the orIGINAL MArShALL pLAN: A SYMBoL of hope, SoLIDArItY AND peAce The historic Marshall Plan (officially: the European Recovery Program, or ERP for short) was the USA’s economic reconstruction programme for Western Europe after the Second World War. It was named after its foun- der, the US Secretary of State and winner of the Nobel peace prize George C. Marshall. The programme began in 1947 and lasted for four years, in the course of which the USA paid to the participating states 12.4 billion dollars or 1.3% of its GDP. Over the following two decades there was – through what was called the economic miracle –, extraordinary economic growth and a huge increase in wealth. Moreover, today, the Marshall Plan is seen as the first step towards European integration. In the light of both of these facts we have decided to name our initiative the “Global Marshall Plan”. Obviously one cannot directly compare the situation then with that in the disadvantaged regions of the world today. Likewise, we are also aware that the political and economic aims of the original Marshall Plan are not undisputed. Nevertheless the Marshall Plan stands for hope, solidarity and peace. Who ShoULD Be INVoLVeD IN the GLoBAL MArShALL pLAN? The Global Marshall Plan Initiative is quite consciously addressed to diffe- rent groups simultaneously: to all those in the world, who are prepared to bring their knowledge, experience and ideas to the initiative
to churches and other religious organisations, to the media undartists, who can help spread the idea of the Global Marshall Plan andraise awareness in societyto the representatives of interest groups, as well as to civil society asrepresented by NGOs. Our goal is to join forces in order to worktowards a more just and sustainable form of globalisationto the scientific community. We invite specialists in all areas todevelop further the Global Marshall Plan into a more detailed inter-disciplinary projectto business leaders who could embrace the Global Marshall Plan inorder to work for socially just and environmentally responsible deve-lopmentto governments and national parliaments, to give the GlobalMarshall Plan official support and to develop it in dialogue with theother players. This new quality of global action and cooperative pro-blem-solving is in the long term interests of all countriesto the G8, who in fighting poverty should not focus on short-termmeasures such as aid and debt relief, but on eradicating structuralpoverty through a reform of global regulations and institutionsto the European Union, as the most important hope for our projectand for millions of people in the world. The member states of the EUhave a historic opportunity to progress from being former colonialpowers to partners in an effective and comprehensive developmentpolicy. The EU can and should be courageous enough to develop analternative to the current form of globalisation and then go on to pro-mote it in international negotiationsto the UN with all its programmes and special organisations, whichhave a central role to play in bringing this project to fruition.Moreover we support the initiatives aimed at reforming the UN interms of its efficiency, powers and funding.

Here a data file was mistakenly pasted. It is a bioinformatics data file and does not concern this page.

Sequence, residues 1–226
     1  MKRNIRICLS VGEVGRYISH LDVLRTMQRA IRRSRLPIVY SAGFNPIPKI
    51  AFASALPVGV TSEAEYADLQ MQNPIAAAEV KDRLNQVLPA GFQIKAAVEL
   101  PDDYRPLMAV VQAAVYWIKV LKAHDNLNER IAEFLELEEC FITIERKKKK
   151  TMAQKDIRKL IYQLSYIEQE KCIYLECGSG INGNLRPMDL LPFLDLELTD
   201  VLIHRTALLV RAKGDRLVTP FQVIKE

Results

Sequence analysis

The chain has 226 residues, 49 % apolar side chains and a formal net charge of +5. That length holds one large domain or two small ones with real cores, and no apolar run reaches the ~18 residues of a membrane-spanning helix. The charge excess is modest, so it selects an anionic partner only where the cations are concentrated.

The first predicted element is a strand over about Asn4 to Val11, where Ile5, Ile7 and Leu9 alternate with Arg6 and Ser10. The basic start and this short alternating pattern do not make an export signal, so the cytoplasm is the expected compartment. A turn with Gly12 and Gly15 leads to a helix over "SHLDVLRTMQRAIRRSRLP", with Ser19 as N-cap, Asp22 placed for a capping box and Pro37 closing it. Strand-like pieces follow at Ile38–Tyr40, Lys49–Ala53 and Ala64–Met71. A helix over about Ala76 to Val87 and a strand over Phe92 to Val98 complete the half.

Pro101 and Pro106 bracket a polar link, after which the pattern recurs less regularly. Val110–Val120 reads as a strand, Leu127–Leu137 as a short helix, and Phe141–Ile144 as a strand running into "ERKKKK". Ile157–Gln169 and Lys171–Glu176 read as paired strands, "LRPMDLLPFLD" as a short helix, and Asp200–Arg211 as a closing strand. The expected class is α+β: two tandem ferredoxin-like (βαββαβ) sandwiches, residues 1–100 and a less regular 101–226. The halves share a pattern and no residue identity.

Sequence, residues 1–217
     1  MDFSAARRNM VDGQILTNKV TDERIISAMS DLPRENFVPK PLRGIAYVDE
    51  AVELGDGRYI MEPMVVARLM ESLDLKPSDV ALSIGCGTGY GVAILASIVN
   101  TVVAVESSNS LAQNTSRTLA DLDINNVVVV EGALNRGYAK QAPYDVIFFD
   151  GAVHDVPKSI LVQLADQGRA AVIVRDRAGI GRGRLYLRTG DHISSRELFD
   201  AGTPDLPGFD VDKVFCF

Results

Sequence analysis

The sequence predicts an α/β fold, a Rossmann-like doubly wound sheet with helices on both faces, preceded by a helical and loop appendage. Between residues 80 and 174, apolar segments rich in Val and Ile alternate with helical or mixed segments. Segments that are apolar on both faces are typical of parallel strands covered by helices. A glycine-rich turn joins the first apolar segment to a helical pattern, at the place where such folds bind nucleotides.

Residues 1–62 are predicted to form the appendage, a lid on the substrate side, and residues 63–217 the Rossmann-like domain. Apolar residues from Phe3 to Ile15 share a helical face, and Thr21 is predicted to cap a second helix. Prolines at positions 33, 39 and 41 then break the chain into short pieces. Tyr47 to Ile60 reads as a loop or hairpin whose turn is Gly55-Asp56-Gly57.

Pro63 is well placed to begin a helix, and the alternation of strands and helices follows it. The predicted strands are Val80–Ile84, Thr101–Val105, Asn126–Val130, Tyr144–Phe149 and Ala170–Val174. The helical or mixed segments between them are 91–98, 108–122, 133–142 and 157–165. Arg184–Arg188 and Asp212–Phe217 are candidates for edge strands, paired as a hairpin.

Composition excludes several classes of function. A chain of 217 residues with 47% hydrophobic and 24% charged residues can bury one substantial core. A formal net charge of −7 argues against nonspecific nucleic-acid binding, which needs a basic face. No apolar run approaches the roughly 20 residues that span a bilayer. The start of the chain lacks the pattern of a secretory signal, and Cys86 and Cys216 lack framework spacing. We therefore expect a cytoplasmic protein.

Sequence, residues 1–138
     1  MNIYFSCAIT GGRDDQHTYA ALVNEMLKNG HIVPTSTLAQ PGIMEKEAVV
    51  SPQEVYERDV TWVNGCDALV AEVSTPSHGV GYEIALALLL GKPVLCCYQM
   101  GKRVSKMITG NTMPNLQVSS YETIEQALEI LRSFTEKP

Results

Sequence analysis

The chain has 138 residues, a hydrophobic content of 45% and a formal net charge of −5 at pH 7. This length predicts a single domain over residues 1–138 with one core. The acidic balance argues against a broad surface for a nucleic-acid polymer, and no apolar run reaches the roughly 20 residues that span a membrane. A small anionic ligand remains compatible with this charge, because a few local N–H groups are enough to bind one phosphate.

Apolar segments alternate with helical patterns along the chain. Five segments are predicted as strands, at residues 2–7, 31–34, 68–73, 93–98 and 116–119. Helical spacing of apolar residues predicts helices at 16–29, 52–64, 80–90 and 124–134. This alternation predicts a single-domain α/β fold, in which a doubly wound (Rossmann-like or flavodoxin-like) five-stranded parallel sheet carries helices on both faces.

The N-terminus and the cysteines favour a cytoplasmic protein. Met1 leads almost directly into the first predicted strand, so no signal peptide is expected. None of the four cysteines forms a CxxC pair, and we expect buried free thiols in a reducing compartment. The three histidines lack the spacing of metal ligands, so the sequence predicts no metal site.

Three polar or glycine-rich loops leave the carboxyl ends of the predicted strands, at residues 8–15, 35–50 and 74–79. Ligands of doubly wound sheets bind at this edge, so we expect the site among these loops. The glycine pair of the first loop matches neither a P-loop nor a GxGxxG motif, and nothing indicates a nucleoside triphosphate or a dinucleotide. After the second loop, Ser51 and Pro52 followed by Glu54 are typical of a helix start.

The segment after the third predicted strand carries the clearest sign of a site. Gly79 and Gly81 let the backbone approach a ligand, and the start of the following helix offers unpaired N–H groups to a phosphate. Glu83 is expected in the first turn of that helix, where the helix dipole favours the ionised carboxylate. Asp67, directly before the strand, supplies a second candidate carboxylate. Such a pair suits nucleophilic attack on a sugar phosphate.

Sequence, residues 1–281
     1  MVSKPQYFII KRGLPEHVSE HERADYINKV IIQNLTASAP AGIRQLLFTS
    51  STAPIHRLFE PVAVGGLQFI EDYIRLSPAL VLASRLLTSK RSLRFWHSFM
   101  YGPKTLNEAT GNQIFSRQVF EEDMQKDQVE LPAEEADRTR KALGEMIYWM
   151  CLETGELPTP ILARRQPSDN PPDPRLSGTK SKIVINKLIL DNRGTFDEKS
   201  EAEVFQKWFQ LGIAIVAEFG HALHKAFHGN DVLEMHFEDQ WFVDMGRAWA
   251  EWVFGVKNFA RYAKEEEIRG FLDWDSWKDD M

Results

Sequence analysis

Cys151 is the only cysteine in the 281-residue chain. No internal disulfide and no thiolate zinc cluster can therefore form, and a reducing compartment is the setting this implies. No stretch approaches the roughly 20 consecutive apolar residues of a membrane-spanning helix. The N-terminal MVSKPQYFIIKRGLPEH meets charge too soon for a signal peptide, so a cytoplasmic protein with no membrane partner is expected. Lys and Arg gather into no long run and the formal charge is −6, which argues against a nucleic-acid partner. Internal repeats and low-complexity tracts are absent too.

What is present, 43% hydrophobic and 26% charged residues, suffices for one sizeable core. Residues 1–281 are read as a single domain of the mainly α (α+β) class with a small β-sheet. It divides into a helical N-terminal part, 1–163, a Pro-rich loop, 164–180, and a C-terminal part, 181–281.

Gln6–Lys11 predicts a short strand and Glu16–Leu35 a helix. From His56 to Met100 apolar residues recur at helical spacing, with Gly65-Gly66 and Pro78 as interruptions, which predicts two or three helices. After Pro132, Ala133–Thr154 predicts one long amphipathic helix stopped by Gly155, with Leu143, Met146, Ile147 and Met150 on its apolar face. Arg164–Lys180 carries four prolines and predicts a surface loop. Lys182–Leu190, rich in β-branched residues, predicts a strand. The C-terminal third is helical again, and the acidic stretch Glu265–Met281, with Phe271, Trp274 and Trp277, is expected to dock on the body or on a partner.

oUr GoALS: for A More jUSt forM of GLoBALISAtIoN Globalisation doesn’t just happen; the way it develops can be shaped. To do this, however, it requires determined private and political interests who want to shape it in a new and sustainable direction – for the general good. The aim of the Global Marshall Plan Initiative is a peace strategy for the development of humanity, based on justice, solidarity and sustainable deve- lopment as well as a dialogue between the different cultures and religions of the world in a partnership based on mutual respect, empathy and tolerance. Although the Initiative was started in Europe, it sees itself as a joint forum of the “North” and the “South”, working for a sustainable world. We want to cooperate with many existing projects, initiatives and personalities – in the conviction that, although there are many legitimate differences in social poli- cy, party politics and the concerns of interest groups, as well as philosophical and religious disparities, there is significant common ground in the overall aims: a more just form of globalisation economic, ecological and social sustainability realisation of human rights and human dignity for all In our opinion the achievement of these goals will only be possible if they benefit both sides, “North” and “South”. For this reason we are proposing the following requirements: equal development opportunities to be achieved through coo- peration and efficient funding – funds should be raised partly by taxes on global currency transactions fair global competition to be achieved by the cautious establish- ment of open markets, allowing at the same time individual nations the right to some protection of their markets, and by the establish- ment of a global economic framework of social and ecological stan- dards which will be binding for all countries.